Definition of Jurisprudence with short explanation
Definition of Jurisprudence
The word “Jurisprudence” is derived from the Latin word ‘Jurisprudentia’ which denotes the science of law or knowledge of law. In Latin, ‘Juris’ means ‘law’ and ‘prudentia’ means skill or knowledge. Over the years, it has come to mean the study of law as a whole, the philosophy of law, or legal theory.
Definition of the term ‘Jurisprudence’
John Austin defined Jurisprudence as the “philosophy of positive law”. According to him, the “Positive Law” is the law laid down by a political superior for controlling the conduct of those subject to his authority.
Holland has defined Jurisprudence as the “Formal Science of Positive Law”. A formal science is one which deals not with concrete details but with the fundamental principle underlying them. According to him, the ‘positive law’ are those general rules of external human action which are enforced by a sovereign or general conceptions pervading in a general rules enforced by sovereign authority.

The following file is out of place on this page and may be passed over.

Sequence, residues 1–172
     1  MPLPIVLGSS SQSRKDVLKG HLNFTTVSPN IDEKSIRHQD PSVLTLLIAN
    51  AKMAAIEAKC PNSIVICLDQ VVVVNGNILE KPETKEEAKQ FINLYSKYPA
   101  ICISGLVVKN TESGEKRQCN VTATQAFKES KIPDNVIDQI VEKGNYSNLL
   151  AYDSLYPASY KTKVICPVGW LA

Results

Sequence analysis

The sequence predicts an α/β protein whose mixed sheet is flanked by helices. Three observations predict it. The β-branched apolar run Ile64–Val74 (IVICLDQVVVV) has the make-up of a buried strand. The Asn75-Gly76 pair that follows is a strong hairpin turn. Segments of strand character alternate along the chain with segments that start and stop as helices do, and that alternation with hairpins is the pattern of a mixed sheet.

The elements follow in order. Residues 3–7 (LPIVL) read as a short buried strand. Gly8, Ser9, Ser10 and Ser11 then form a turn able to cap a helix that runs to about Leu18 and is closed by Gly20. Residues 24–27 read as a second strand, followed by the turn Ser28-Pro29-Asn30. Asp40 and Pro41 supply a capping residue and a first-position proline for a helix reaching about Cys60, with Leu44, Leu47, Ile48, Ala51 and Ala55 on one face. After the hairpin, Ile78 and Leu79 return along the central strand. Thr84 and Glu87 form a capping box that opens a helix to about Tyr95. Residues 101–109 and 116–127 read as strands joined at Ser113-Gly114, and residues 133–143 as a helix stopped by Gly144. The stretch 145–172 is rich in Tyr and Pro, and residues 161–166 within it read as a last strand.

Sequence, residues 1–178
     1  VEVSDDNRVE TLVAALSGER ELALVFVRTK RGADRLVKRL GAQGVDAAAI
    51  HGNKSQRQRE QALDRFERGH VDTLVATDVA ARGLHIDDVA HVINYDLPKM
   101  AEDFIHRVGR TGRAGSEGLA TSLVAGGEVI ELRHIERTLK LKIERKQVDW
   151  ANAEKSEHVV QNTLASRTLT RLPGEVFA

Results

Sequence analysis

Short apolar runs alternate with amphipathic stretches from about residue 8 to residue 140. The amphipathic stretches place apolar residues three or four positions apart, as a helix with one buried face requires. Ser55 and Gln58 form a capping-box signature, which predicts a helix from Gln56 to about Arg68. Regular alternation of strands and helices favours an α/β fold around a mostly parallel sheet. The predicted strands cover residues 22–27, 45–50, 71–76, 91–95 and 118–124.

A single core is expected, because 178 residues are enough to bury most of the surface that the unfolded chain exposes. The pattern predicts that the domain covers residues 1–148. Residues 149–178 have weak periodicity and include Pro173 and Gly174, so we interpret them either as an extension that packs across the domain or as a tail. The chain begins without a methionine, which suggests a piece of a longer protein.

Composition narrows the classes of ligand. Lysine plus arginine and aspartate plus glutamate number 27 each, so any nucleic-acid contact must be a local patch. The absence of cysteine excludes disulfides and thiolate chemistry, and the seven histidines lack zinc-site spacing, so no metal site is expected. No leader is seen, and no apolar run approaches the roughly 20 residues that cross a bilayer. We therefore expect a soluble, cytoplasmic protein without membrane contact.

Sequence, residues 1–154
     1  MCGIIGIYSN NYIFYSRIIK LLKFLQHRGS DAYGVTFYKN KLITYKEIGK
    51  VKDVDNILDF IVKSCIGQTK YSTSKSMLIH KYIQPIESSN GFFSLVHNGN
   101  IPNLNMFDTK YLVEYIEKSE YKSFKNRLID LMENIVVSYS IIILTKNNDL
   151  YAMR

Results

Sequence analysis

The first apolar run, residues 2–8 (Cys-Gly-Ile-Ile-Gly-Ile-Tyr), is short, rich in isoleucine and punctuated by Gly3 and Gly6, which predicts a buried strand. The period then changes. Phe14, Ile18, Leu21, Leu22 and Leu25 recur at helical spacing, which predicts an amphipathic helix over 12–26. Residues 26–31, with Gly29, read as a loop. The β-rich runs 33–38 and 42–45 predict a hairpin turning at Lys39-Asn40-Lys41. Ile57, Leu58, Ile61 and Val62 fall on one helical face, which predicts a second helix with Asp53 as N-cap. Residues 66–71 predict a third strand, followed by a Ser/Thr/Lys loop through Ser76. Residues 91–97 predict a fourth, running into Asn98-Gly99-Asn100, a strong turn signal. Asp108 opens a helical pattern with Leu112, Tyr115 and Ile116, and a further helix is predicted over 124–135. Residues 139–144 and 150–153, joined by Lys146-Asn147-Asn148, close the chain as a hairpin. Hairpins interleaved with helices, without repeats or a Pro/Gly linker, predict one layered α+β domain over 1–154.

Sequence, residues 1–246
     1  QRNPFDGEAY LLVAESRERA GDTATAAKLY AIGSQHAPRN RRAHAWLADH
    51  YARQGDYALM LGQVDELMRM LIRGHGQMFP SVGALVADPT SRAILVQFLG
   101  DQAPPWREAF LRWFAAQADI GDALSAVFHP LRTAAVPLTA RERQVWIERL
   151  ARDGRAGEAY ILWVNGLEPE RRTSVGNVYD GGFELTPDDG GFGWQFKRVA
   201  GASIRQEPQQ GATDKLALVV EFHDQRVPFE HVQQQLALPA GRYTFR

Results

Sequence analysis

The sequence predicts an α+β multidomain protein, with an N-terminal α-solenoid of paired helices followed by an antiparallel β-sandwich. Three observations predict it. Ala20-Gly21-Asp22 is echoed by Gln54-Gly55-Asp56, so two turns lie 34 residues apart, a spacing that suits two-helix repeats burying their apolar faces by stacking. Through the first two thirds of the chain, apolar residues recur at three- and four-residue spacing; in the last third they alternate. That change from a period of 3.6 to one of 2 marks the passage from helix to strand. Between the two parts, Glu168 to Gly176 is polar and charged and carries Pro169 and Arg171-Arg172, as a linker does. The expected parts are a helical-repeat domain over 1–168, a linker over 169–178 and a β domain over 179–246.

Pound defines Jurisprudence as “the science of Law”. He uses the word ‘law’ in the juridical sense, as denothing the body or principles recognized and enforced of the rules followed by the Courts and the principles involved in those rules.
Gray defines Jurisprudence as the ‘the science of law, the statement and systematic arrangement of the rules followed by the Courts and the principles involved in those rules.
Prof. C.K. Allen
Prof. C.K Allen defines jurisprudence as ‘the scientific synthesis of all the essential principles of law’.